Moody’S Lowered Spain’S Economic Growth Forecast To 5%, Lower Than That In Brussels.

2021-02-11   |   by CusiGO

Moody’s, the rating agency, expects Spain’s economy to grow by 5% by 2021, lower than the European Commission’s estimate and one percentage point below the latest forecast in January. The agency expects the recovery of the eurozone to be achieved in the second half of this year, emphasizing the good performance of industry and construction, while the transport and hotel industries will take longer to take off, which will damage the Spanish economy. “We expect this year to be better, but the recovery will be slow, fragile and gradual and will not reach the level of 2019,” analyst Carlos Winzer concluded at a forum of the agency on Thursday.

According to Moody’s, the “uncertain” progress of the influenza pandemic and the “relatively slow” vaccination rate on the peninsula have led to a downward revision of Spain’s GDP growth estimates, which are expected to grow by 6% by January 2021. The new figures are lower than the European Commission’s forecast of 5.3-5.6 per cent GDP growth this year and 4.8-5.3 per cent next year. Moody’s expects Spain’s economy to grow by 5.1% by 2022, in line with data from Brussels.

“Countries that are highly dependent on tourism, such as Spain, where companies are highly dependent on liquidity, will remain the most vulnerable,” explains Winzer. In 2020, these restrictions have led to the transformation of tourism from a vessel of the Spanish economy to a secondary industry, with its share of GDP falling from 12% to 4%. Gabriel escarrer, chief executive of Melia, told the financial times on Tuesday: “if we lose this summer, we will talk about almost no activity since Thomas Cook broke down in October 2019 and June 2022.”.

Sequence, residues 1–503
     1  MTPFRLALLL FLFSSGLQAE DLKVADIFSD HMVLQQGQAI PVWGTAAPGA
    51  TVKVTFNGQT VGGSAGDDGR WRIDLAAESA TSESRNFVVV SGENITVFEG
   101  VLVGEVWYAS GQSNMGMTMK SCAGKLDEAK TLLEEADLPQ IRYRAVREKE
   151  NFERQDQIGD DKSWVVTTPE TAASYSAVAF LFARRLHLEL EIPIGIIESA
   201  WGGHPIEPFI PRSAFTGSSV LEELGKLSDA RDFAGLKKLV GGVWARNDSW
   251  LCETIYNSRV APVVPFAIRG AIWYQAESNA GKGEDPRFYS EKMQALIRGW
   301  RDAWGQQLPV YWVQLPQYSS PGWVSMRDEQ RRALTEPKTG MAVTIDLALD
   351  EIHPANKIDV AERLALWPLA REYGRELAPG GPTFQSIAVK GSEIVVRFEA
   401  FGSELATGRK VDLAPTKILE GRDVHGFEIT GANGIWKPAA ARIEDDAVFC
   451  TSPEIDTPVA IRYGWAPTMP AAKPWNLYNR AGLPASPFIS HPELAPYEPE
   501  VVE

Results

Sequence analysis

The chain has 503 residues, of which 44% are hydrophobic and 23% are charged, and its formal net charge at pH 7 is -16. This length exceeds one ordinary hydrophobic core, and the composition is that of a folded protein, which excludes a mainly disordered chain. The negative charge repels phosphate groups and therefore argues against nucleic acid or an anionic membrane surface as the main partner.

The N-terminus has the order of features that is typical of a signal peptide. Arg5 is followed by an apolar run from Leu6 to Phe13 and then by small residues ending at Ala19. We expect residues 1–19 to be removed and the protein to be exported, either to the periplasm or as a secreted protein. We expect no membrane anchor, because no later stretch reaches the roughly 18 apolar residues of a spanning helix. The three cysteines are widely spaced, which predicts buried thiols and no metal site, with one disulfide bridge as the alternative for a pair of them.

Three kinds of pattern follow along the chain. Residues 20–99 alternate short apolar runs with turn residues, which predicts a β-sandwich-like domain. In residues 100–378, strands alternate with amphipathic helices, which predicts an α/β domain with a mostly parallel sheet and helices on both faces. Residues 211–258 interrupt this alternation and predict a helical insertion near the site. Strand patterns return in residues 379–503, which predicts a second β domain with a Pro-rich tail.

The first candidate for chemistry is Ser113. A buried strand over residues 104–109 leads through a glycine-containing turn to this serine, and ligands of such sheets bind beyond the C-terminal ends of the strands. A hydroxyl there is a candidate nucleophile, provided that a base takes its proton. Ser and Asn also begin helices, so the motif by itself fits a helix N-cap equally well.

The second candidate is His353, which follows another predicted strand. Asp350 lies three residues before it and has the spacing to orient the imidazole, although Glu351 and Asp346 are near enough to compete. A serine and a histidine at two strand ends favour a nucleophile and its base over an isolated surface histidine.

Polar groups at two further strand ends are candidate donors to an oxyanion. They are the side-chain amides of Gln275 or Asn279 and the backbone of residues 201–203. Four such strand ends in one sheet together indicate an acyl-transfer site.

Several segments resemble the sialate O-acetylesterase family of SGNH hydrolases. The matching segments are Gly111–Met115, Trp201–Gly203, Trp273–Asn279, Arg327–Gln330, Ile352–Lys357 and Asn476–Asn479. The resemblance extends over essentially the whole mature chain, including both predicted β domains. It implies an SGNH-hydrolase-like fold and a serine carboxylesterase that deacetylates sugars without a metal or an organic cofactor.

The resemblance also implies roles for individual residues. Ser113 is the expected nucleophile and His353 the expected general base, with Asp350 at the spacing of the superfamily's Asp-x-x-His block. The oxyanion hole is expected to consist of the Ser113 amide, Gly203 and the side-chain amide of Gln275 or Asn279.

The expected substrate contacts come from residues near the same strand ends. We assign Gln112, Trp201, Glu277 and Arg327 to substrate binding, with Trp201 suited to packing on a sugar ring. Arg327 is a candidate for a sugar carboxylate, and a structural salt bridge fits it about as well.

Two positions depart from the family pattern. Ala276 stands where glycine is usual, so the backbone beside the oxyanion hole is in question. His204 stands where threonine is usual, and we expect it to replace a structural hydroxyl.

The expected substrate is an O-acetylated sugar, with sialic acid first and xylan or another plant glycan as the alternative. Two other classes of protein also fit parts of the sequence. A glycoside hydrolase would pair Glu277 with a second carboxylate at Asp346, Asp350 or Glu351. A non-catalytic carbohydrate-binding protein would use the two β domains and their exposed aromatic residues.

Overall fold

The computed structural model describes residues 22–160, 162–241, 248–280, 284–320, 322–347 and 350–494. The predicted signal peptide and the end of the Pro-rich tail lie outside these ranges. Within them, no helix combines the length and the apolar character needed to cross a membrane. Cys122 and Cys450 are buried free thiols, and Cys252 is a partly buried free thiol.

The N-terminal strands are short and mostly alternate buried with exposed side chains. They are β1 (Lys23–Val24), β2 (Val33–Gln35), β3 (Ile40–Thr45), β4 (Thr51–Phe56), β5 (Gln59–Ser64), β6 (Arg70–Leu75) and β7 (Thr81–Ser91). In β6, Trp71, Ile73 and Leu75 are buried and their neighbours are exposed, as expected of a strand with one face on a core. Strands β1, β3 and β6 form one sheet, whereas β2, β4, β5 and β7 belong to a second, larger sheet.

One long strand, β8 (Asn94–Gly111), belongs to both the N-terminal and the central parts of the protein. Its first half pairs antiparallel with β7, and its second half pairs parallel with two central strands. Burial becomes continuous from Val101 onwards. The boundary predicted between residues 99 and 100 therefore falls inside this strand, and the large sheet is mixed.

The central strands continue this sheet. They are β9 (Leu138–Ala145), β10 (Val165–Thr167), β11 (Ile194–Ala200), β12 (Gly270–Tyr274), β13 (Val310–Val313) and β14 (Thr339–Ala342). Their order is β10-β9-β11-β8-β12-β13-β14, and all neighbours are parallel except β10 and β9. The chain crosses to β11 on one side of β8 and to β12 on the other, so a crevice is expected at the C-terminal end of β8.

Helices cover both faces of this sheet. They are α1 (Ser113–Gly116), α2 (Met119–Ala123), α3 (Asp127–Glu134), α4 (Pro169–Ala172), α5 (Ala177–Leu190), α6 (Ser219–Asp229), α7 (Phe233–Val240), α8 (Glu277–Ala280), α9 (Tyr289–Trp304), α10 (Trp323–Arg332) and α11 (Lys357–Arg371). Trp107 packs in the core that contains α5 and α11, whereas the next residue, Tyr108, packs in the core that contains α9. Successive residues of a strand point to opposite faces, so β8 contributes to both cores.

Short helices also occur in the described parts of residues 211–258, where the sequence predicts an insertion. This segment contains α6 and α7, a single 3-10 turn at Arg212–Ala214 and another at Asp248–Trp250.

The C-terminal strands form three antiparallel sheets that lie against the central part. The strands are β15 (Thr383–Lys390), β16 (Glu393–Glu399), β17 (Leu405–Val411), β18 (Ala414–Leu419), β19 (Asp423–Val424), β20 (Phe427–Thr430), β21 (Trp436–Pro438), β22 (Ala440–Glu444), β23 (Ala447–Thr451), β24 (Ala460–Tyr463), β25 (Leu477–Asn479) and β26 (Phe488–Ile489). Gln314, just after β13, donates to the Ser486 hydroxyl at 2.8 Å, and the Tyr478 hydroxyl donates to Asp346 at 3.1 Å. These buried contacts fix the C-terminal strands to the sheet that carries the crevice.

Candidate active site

Moody’s said it did not expect a “new wave of downgrades” this year after the agency made a big downgrade in the first few months of the pandemic, which accounted for a third of the 1000 European companies it operates. Restrictive measures are more targeted than in March, “Winzer points out. However, it does emphasize that airlines, hotels and automobiles are areas where the recovery will continue.

The U.S. Agency also places the magnifying glass on the Spanish entity. “Our view of the Spanish banking system is negative, mainly reflecting the negative impact of the epidemic on the asset quality and profitability of Spanish banks,” Moody’s report said. He said that as long as there are no strict restrictions and consumption does not collapse, there will be no consideration of lowering the entity rating: “we are still a long way from the serious situation that led us to reconsider the rating of Spanish banks.”

In real estate, Jose de Leon, Moody’s chief executive, predicts that falling house prices will not be enough to offset the decline in income for some groups as a result of the crisis. “Housing accessibility for young people and low-income groups will decline, which will lead to an increase in demand for social housing.” According to de Leon, this situation could lead to an extension of the ban on eviction “outside the epidemic” and a strengthening of rent controls. “This could lead to long-term market imbalances,” analysts explained.